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I need a charger and battery for a cell phone booster. - Page 2

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Posted by philkryder on October 23, 2009, 6:10 am
 

seems I need to provide more data.

we are in zip code 93105 - about latitude 34degrees.

since we are up in the mountains at 3500 feet, we avoid much of the
local coastal overcast.

is there an easy way to obtain better data as to the "solar resource
available?"


Posted by ghio on October 23, 2009, 12:03 pm
 

eosweb.larc.nasa.gov/sse/

Posted by Ron Rosenfeld on October 23, 2009, 12:24 pm
 On Thu, 22 Oct 2009 23:10:59 -0700 (PDT), philkryder


Do a search for PVWATTS.  It is a NREL provided program that has a lot of
locations programmed in.

It seems Santa Maria is the closest place for which there is specific data,
but there may be more data at PVWATTS2.

A quick glance suggests that, with your panels laying flat, you will not be
producing enough power during Jan; but you would be OK if they were
oriented at 50.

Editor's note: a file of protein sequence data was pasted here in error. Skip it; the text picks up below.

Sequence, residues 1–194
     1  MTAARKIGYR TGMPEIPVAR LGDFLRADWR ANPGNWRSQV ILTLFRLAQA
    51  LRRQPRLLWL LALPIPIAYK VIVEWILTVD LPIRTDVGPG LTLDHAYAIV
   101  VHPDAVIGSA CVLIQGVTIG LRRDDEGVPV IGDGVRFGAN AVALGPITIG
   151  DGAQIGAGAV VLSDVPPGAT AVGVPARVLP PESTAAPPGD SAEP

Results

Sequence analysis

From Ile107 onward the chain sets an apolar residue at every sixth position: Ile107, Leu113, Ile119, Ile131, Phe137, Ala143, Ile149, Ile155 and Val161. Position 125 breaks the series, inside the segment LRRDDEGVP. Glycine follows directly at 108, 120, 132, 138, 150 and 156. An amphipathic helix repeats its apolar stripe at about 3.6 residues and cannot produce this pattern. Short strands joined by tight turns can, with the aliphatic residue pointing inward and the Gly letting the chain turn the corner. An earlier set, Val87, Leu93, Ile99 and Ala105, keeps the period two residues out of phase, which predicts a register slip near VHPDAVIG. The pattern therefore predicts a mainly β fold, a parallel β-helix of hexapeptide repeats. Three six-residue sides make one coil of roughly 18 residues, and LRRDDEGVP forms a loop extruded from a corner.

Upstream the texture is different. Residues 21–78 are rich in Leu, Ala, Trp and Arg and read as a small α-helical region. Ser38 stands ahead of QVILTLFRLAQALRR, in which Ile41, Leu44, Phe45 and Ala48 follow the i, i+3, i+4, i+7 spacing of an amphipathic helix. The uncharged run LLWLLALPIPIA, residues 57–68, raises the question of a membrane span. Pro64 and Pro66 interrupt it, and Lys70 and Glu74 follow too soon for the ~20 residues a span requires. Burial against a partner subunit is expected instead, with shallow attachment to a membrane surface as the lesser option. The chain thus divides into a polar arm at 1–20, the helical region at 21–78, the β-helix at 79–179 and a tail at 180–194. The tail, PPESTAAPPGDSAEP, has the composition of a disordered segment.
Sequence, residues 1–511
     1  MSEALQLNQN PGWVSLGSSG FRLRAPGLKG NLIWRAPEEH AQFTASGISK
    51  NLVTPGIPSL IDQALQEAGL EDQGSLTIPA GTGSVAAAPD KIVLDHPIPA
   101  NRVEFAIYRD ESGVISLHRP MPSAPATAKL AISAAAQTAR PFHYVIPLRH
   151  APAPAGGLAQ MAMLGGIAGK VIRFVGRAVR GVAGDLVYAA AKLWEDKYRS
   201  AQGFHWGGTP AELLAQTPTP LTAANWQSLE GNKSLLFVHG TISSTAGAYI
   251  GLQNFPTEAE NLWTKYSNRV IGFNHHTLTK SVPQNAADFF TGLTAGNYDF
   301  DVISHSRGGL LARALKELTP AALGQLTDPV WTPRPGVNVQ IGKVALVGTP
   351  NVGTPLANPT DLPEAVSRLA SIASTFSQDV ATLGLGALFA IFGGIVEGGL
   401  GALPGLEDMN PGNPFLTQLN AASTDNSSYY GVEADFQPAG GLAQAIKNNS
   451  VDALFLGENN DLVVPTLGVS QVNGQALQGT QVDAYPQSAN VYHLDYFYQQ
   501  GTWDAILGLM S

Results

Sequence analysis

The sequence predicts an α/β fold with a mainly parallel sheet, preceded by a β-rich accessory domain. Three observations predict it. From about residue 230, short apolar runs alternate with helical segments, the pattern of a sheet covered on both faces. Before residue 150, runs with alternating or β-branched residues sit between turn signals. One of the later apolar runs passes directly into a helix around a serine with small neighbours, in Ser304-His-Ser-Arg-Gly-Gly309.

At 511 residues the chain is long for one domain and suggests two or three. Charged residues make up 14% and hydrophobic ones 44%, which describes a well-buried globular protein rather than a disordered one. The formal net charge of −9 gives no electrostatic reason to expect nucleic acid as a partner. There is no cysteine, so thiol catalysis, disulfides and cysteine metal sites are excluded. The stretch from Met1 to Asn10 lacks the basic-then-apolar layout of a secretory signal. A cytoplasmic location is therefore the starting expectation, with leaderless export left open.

--ron

Posted by ghio on October 24, 2009, 3:23 am
 
"Researchers at the National Renewable Energy Laboratory developed
PVWatts to permit non-experts to quickly obtain performance estimates
for grid-connected PV systems."

Says it all really, "Non Experts" and "performance estimates" for grid-
connected PV systems.

Of course the system in question is not grid connected and estimates
are just a guess.

If you want a system based on a guess for grid connected systems then
use PVWATTS.

OTOH, if you want to design a stand alone system based on real data
then  "http://eosweb.larc.nasa.gov/sse/  " is the better option.

Posted by philkryder on October 24, 2009, 7:08 am
 
I put in my 34.421 and 119.71 and got a grid bounded by 34 35 and 119
120.

Which seemed to show a low point of 2.67 "Monthly Averaged Insolation
Incident On A Horizontal Surface (kWh/m2/day)"

Given all the micro-climates in our mountains and along the coast, how
useful is the NASA data based on a one degree grid?

I note HOMER says a "12 meter" elevation - but we are at about 1100
meters or so...

So, can I assume that the NASA data is likely to be WORSE due to
coastal cloud cover effects and low altitude?

How much does solar improve with increased altitude?

In any event, how do I come up with a solar capacity and battery
capacity based on the above?

thanks for your help.
Phil

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